Monday, February 05, 2007

The Night Bus of Evil

The night bus is evil. It sucks you in with promises of luxurious reclining coach seats and the adventures of travel, but above all, a cheap ticket to somewhere far far away, all made possible while you rest and sleep.

They lie. Except for the cheap part. After the first time, you swear never, ever again, but something keeps bringing me back, like the glutton for punishment I am.

Night buses, let me state again, are evil. The whole premise that you fall asleep on departure and wake bright and refreshed is null and void. Instead, you contort into uncomfortable positions, try desperately not to encroach on your fellow passenger's minuscule personal space and have the pleasure of being woken, if you've been lucky enough to sleep in the first place, every 90 minutes for a wee and a cigarette and yet another omiyage store. To add to this whinging tale of woe, (because really, that's all this is - I got off the bus in Osaka at5.30 this morning, and I'm stuck at school AND I'M TIRED, GRUMPY AND SORE SORE SORE) encourage the majority of the night bus shenanigans during the winter months to far away snow fun that the powder monkeys clamour for.

But, should you persevere, you will be rewarded for your sacrifice. This weekend, Jeff and I headed up to Nozawaonsen, for a weekend of throwing ourselves carelessly off the side of mountains, onsens of sulphurous water that are barely cool enough to dip a toe in, Apple Kit Kats, and pigeons with wheels (if I ever find anything on the web about these, I promise promise to post a link).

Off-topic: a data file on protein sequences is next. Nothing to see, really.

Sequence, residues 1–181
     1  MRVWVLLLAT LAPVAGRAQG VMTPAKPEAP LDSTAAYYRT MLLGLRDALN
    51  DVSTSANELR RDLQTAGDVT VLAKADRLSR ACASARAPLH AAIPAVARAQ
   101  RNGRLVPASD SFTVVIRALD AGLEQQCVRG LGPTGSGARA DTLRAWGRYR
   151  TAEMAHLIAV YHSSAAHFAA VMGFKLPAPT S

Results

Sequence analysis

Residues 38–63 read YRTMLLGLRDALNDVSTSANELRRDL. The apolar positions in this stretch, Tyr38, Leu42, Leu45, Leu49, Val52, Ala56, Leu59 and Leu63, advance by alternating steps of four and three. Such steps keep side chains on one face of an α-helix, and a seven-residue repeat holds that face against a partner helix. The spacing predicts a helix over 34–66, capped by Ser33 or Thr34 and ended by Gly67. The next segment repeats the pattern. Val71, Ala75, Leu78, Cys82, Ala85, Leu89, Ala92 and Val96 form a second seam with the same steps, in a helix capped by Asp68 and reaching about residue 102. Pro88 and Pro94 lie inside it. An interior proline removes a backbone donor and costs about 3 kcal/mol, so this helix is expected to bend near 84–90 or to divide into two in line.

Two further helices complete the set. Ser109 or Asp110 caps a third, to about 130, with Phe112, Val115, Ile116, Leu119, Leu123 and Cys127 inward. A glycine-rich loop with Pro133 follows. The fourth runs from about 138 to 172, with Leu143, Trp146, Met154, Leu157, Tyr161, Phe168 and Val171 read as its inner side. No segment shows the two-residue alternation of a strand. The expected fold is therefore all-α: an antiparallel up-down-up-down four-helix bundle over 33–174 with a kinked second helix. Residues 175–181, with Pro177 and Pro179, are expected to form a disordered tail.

When we arrived early Saturday morning, there had been 20 cms of fresh powder, and the same happened on Sunday night. There was a brilliant gully of powder between two runs that was fun to do again and again and again and as one who has never been boarding through powder, I am an instant convert. It's like falling in pillows, but it takes concentration and muscle (well, from me anyway) to turn through it and avoid the trees.

I may not be able to move my legs fully at this present moment, and anything that requires stomach muscles is a lesson in why sit-ups are good for you, and the night bus may well be the most hellish thing I have had this misfortune to have experienced of late, but the endorphins you get out of gunning down the powder on the side of a black run makes you forget all about 10 hour bus marathons.
Next weekend: Hokkaido. It's the third weekend of a potential 5 in a row of boarding and I fear it may be the point in which my body turns into nothing but a mass of highly sensitive pain receptors. Apparently whatever doesn't kill you only makes you stronger.

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